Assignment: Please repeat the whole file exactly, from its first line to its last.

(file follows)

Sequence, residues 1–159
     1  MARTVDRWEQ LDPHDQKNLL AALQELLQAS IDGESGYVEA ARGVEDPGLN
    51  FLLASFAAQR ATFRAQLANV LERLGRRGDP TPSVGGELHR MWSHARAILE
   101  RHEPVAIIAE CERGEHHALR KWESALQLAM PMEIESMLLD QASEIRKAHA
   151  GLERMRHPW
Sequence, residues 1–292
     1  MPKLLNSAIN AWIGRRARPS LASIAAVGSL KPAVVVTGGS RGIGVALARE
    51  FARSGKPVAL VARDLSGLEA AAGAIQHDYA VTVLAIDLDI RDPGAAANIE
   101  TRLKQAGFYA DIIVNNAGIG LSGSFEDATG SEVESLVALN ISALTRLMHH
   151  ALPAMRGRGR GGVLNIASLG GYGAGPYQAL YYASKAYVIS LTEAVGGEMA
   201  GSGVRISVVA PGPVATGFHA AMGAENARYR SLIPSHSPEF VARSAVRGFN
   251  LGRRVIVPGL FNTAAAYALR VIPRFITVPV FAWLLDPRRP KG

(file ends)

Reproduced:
Sequence, residues 1–159
     1  MARTVDRWEQ LDPHDQKNLL AALQELLQAS IDGESGYVEA ARGVEDPGLN
    51  FLLASFAAQR ATFRAQLANV LERLGRRGDP TPSVGGELHR MWSHARAILE
   101  RHEPVAIIAE CERGEHHALR KWESALQLAM PMEIESMLLD QASEIRKAHA
   151  GLERMRHPW
Sequence, residues 1–292
     1  MPKLLNSAIN AWIGRRARPS LASIAAVGSL KPAVVVTGGS RGIGVALARE
    51  FARSGKPVAL VARDLSGLEA AAGAIQHDYA VTVLAIDLDI RDPGAAANIE
   101  TRLKQAGFYA DIIVNNAGIG LSGSFEDATG SEVESLVALN ISALTRLMHH
   151  ALPAMRGRGR GGVLNIASLG GYGAGPYQAL YYASKAYVIS LTEAVGGEMA
   201  GSGVRISVVA PGPVATGFHA AMGAENARYR SLIPSHSPEF VARSAVRGFN
   251  LGRRVIVPGL FNTAAAYALR VIPRFITVPV FAWLLDPRRP KG